8. Billy Crystal was originally offered the role of Buzz Lightyear, but turned it down, something he has stated he regrets. Bill Murray, Chevy Chase, and Jim Carrey were also considered, but the role went to Tim Allen, who was already a part of the Disney family thanks to his sitcom, Home Improvement. Crystal would later find solace when he was offered a Monsters, Inc. character (Mike Wazowski), which he immediately agreed to without knowing anything about the film.
9. Andy's toy-abusing neighbor, Sid Phillips, is supposedly based on a former Pixar employee named "Phillips" who was known to disassemble toys to create new ones.
10. Sid's evil ways are also illustrated by the carpet in his house, which has the same hexagonal pattern as the the Overlook Hotel's carpet in The Shining, one of editor Lee Unkrich's favorite movies. It's not the only Shining reference.
11. Hasbro denied Pixar the use of the name "G.I. Joe" when they discovered one of their dolls would be blown up by Sid.
12. Similarly, Mattel wouldn't allow Pixar to use a "Barbie" character in the script because they didn't want an onscreen portrayal of the famous doll's personality. She was replaced by Bo Peep in the script. Mattel also thought the movie would flop. Minds were changed when Toy Story was a huge success and the toy company allowed Barbie to appear in the sequel.
13. Hanks recorded his Woody dialogue during breaks in the filming of Sleepless in Seattle (1993) and A League of Their Own (1992). But he refused to work as Woody while making Philadelphia (1993) and Forrest Gump (1994) because he didn't want to switch from drama to comedy and back again.
14. Five Easter Eggs: 1. The toolbox on top of Woody's crate is a Binford, the fake tool company seen on Home Improvement. 2. When Woody is sitting on the bed talking with Slinky, the drawing behind them is an actual early sketch of the Woody character. 3. When the Pizza Planet delivery boy enters the Dinoco gas station, he asks for directions to West Cutting Boulevard, Pixar's real address at the time in Richmond, CA. 4. All of the cars in Toy Story have license plate stickers that are dated November '95, the same date the movie was released. 5. When the soldiers are watching the pile of presents disappear during the birthday party, two silhouette pictures can be seen on the wall. They're available at Walt Disney parks worldwide and are cut freehand using nothing but paper and scissors by the park's employees.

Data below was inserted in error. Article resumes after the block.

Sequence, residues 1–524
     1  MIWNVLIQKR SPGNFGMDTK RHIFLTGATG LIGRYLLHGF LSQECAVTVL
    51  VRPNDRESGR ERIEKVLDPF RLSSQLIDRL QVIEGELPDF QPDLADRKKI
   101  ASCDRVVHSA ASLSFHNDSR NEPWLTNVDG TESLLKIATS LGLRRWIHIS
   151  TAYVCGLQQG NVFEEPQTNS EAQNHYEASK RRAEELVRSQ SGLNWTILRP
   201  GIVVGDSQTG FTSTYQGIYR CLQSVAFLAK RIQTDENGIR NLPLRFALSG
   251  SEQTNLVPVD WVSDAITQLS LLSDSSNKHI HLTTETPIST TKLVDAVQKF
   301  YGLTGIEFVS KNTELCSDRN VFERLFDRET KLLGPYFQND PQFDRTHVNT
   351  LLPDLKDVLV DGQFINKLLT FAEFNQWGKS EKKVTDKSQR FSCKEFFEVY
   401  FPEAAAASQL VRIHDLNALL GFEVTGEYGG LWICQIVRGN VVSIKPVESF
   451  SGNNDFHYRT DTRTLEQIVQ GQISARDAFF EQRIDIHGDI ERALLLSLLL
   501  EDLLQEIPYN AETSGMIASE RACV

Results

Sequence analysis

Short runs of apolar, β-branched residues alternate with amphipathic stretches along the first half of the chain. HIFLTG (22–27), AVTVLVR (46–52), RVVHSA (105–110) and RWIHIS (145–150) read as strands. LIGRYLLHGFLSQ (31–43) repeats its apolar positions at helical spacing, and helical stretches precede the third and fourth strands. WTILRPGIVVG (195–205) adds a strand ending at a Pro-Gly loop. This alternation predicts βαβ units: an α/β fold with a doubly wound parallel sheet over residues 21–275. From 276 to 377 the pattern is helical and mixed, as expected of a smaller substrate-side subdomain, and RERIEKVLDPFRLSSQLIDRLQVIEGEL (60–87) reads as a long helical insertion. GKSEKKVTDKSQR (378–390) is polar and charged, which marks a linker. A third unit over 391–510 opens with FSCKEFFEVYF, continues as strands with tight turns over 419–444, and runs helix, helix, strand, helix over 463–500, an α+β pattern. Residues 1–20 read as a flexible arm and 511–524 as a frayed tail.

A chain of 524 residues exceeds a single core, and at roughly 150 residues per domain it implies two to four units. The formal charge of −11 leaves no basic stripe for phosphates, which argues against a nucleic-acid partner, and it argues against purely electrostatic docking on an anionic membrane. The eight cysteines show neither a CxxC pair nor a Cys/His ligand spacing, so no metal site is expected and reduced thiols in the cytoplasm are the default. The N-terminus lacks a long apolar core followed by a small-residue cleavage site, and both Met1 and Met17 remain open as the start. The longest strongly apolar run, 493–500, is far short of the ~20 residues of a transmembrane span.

15. A Wilhelm Scream can be heard when Buzz is knocked out of the window.
16. The idea of toys coming to life when no one is looking can be traced back to works like The Shepherdess and The Chimney Sweep (1845), Babes in Toyland (1903) and The Velveteen Rabbit (1922). It was this concept that attracted Hanks to the project. It has been done many many times.
17. Buzz Lightyear's facial features are loosely based on Lasseter, especially his eyebrows, cheeks, and chin. Lasseter proved it by sketching a self-portrait of himself wearing a space helmet on the U.K. breakfast show The Big Breakfast in 1992.
18. Some 3D effects, like explosions, water droplets, and complicated hair were too complex for the animators at the time of production so subtle tricks are used to avoid them. We never see Combat Carl's demise and the human characters all have short hair. Andy's mom is the exception — she wears a ponytail.
19. Mr. Potato Head's line "What are you looking at, ya hockey puck?" is one of comedian Don Rickles' catchphrases.
20. The character of Andy is named for Andries "Andy" Van Dam, a Brown University professor and computer science and animation pioneer who taught many of the filmmakers.